Photo: BMW North America

BMW takes wraps off its 19th ‘Art Car’

Leave a comment

One of the BMW Team RLL BMW M6 GTLMs will race in the manufacturer’s 19th “Art Car” livery in next year’s Rolex 24 at Daytona.

The car was unveiled in Miami Beach’s Botanical Garden, with livery artist John Baldessari joined by Ludwig Willisch, President and CEO, BMW of North America, and Jens Marquardt, Director BMW Motorsport.

Baldessari explained the car’s livery concept:

“I have done only one work in my life involving a car before, and that was an image of a car. So for the BMW Art Car project, I entered uncharted territory, not just in terms of the subject, but also moving from two- to three-dimensional art. A challenge I did enjoy!

“The ideas all came at once: for instance, the red dot on the roof, so you can see it from above, FAST on one side and a picture of the car on the other side. I like the ambiguity, having two-dimension and three-dimension at the same time.

“Considering the car as an icon of contemporary life, my concept turned out playfully satirical, but it also highlights some of the trademark ideas that I use. So you can say, the BMW Art Car is definitely a typical Baldessari and the fastest artwork I ever created!”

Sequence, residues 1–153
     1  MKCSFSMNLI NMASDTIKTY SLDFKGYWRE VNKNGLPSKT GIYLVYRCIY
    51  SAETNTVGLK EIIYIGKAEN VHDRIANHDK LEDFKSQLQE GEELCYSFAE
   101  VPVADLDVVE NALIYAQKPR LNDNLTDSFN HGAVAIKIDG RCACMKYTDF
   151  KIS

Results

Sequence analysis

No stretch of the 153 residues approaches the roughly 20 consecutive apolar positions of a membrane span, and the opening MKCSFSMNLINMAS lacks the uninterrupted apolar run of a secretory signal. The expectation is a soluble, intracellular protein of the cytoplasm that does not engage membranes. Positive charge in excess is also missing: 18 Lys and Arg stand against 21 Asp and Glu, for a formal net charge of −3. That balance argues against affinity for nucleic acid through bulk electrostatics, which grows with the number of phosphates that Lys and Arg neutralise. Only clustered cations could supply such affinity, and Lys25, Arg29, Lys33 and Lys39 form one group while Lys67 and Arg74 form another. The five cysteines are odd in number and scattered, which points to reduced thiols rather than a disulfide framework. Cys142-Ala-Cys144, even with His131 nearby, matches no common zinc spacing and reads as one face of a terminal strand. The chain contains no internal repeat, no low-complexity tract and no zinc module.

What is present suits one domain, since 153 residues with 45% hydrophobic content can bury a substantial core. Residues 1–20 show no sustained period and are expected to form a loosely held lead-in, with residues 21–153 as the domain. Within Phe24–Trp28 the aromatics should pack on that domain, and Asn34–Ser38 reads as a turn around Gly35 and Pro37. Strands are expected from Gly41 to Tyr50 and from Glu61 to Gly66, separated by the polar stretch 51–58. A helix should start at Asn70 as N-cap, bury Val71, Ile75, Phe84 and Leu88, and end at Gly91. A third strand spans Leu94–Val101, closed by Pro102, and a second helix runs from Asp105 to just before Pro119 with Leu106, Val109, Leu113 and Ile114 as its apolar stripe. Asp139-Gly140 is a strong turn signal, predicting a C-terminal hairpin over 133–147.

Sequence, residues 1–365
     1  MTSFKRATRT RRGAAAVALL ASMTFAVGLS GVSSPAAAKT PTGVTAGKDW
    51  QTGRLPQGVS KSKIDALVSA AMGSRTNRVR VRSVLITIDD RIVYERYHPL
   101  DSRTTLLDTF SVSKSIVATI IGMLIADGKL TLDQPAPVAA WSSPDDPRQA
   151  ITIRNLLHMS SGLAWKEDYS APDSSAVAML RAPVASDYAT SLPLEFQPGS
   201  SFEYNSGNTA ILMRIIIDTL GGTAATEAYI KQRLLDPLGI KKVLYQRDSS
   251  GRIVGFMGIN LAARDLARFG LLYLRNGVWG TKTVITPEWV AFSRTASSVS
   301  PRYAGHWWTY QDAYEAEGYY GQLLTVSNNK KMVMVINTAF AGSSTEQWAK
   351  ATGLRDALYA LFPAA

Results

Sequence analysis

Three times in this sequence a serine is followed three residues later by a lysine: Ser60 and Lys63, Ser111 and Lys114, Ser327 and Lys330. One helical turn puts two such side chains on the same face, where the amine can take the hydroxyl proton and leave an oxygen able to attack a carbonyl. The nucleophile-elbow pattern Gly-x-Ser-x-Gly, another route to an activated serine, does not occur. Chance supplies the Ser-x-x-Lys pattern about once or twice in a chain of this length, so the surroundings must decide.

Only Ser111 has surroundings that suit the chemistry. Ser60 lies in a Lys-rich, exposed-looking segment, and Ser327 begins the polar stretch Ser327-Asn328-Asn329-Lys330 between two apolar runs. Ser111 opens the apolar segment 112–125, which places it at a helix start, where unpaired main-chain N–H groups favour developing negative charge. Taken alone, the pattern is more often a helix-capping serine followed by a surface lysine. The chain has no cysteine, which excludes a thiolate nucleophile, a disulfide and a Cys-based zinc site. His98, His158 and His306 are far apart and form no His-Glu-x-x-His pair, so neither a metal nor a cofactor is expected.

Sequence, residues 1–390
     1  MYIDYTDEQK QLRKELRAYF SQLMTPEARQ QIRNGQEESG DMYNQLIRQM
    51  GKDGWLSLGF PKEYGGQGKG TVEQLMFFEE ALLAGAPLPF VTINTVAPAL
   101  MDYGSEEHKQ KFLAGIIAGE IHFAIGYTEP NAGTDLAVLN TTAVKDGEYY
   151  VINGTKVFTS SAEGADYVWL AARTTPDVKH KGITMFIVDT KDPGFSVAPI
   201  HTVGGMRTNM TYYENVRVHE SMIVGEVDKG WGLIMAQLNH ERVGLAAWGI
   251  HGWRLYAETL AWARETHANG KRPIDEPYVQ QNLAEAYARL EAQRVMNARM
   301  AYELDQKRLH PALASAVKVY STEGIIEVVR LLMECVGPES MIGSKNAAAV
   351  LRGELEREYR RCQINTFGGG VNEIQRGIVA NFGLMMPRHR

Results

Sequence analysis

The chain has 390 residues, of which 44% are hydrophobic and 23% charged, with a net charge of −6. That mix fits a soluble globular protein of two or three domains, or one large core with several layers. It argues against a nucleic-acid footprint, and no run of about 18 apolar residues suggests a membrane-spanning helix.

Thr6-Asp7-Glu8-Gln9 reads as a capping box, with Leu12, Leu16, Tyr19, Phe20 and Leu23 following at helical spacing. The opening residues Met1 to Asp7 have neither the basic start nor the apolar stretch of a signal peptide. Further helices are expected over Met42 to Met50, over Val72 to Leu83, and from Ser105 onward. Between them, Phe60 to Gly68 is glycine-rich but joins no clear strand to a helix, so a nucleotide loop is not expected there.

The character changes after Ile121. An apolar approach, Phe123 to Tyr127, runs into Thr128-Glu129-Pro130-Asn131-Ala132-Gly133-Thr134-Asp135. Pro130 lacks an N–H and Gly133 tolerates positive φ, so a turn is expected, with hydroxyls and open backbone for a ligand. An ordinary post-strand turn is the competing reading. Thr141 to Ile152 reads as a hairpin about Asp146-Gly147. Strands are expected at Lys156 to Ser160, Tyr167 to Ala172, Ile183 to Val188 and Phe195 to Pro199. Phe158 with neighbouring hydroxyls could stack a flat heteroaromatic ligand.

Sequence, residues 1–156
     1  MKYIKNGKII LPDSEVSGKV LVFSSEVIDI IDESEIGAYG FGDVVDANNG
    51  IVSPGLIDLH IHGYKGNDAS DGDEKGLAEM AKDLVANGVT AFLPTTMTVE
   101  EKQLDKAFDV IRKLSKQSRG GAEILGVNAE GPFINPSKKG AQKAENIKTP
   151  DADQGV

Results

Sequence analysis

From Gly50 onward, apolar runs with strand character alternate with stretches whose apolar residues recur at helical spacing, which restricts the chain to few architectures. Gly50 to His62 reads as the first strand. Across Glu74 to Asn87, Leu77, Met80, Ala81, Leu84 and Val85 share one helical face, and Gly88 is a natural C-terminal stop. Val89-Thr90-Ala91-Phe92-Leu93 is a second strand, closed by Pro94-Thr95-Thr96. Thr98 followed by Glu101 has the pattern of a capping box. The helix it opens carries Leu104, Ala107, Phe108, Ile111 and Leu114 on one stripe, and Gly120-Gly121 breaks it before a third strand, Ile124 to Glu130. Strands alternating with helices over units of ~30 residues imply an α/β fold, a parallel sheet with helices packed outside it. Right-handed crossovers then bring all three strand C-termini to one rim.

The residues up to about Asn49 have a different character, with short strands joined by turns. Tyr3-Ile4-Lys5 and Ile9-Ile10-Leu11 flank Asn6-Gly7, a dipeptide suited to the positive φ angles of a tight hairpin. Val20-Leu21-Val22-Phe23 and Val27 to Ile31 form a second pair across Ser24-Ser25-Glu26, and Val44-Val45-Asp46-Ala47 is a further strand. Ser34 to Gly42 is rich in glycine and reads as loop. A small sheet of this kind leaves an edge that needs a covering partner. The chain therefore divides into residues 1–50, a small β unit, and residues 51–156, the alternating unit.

This “Art Car” is no doubt one of those where we’ll say “art is in the eye of the beholder,” as at first glance, it lacks the striking, almost hypnotic livery of the most recent BMW “Art Car,” Jeff Koons’ livery on the BMW M3 GT2 which ran in 2010 (see below).

LE MANS, SARTHE - JUNE 09: Andy Priaulx of Great Britain drives the #79 BMW Motorsport BMW M3 which was painted by artist Jeff Koons during practice for the 78th running of the Le Mans 24 hours race at the Circuits des 24 Heures du Mans on 9 June 2010 in Le Mans, France. (Photo by Darrell Ingham/Getty Images)
LE MANS, SARTHE – JUNE 09: Andy Priaulx of Great Britain drives the #79 BMW Motorsport BMW M3 which was painted by artist Jeff Koons during practice for the 78th running of the Le Mans 24 hours race at the Circuits des 24 Heures du Mans on 9 June 2010 in Le Mans, France. (Photo by Darrell Ingham/Getty Images)

BMW is yet to reveal its formal lineups for the 2017 race seasons, but as most German manufacturers do, will do so at its year-end program this month.